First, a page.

"Any attempt to challenge China's sovereignty and interests will not succeed," Zhao told reporters. "At present, the situation in relevant waters in the South China Sea are generally calm, and China and the Philippines are maintaining close communication."

Malaysian Prime Minister Ismail Sabri Yaakob also raised the sea in his speech at the conference, saying, "As a claimant state, Malaysia firmly views that matters relating to the South China Sea must be resolved peacefully and constructively in accordance with universally recognized principles of international law."

"Malaysia calls on all countries to remain committed towards maintaining the South China Sea as a sea of peace, stability and trade," his office quoted him as saying. "To this end, all parties should exercise self-restraint and avoid actions that may be deemed provocative, which could further complicate the situation and escalate tensions in the area."

China has sought to strengthen its presence in the waterway, home to crucial shipping routes, fish stocks and undersea oil and gas deposits, by building airstrips and other features on islands created by piling sand and concrete atop coral reefs.

China's powerful navy, coast guard and maritime militia have also sought to block moves by regional countries to exploit resources within their exclusive economic zones, and it strongly objects to operations by the U.S. and other foreign militaries in the area.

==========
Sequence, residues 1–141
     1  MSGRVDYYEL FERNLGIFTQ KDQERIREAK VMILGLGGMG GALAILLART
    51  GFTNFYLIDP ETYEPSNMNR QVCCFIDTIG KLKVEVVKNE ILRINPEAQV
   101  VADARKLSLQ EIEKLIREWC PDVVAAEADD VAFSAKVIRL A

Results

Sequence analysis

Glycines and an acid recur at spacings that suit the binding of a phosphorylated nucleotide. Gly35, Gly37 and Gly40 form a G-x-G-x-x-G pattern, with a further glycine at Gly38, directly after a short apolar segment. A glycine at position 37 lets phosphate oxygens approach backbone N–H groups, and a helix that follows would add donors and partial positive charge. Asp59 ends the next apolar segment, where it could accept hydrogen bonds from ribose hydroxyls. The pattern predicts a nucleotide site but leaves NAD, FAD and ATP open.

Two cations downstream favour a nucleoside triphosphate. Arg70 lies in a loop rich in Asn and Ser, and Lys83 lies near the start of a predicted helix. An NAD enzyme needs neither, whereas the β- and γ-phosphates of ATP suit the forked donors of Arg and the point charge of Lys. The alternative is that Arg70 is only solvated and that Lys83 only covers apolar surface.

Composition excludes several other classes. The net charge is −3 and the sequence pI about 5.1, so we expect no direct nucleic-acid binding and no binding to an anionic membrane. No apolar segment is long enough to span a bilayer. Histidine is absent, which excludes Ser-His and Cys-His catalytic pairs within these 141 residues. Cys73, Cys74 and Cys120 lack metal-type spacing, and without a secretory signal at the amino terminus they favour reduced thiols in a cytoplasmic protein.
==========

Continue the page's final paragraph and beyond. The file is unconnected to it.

China remains a crucial market for Southeast Asian countries as well as a source of investment, and ASEAN has sought to avoid conflict with Beijing. China also has strong ties with ASEAN members Cambodia and Laos and has refrained from criticizing Myanmar, where security forces are estimated to have killed almost 1,200 civilians since overthrowing Suu Kyi's elected government in February. The government has claimed a lower death toll.

China had wished that all 10 ASEAN members join Monday's meeting, but Brunei, which currently holds the group's rotating chairmanship, objected to Myanmar's presence, according to two diplomats who spoke on condition of anonymity.

A photo of the video meeting showed just an empty box with the Myanmar and ASEAN flags.

Myanmar's Ministry of Information issued a statement thanking China for inviting its representative to attend the meeting and complaining that some ASEAN members had exerted pressure for a "non-political" representative to attend. Myanmar's military-installed government has repeatedly pressed its claim to represent the country before the regional bloc.

"We must be the constructors and protectors of regional peace, insist on dialogue instead of confrontation, partnership and nonalignment, and join hands in dealing with various negative factors that threaten to undermine peace," Xi said.

Indonesian President Joko Widodo emphasized the economic links that have made China ASEAN's biggest trading partner for the past 12 years.

Trade has grown from $8.36 billion in 1991 to more than $685.28 billion last year, Widodo said.

Over the same period, two-way cumulative investment has also exceeded $310 billion, making China the fourth-largest source of foreign direct investment among all ASEAN dialogue partners, the Indonesian leader added.

"Mutual trust can be realized if we all respect international law," Widodo said.

Xi in October 2021
Chinese President Xi Jinping attends the commemoration of the 110th anniversary of the Xinhai Revolution, which overthrew the Qing Dynasty and led to the founding of the Republic of China, at the Great Hall of the People in Beijing on October 9, 2021. Photo by Noel Celis/AFP via Getty Images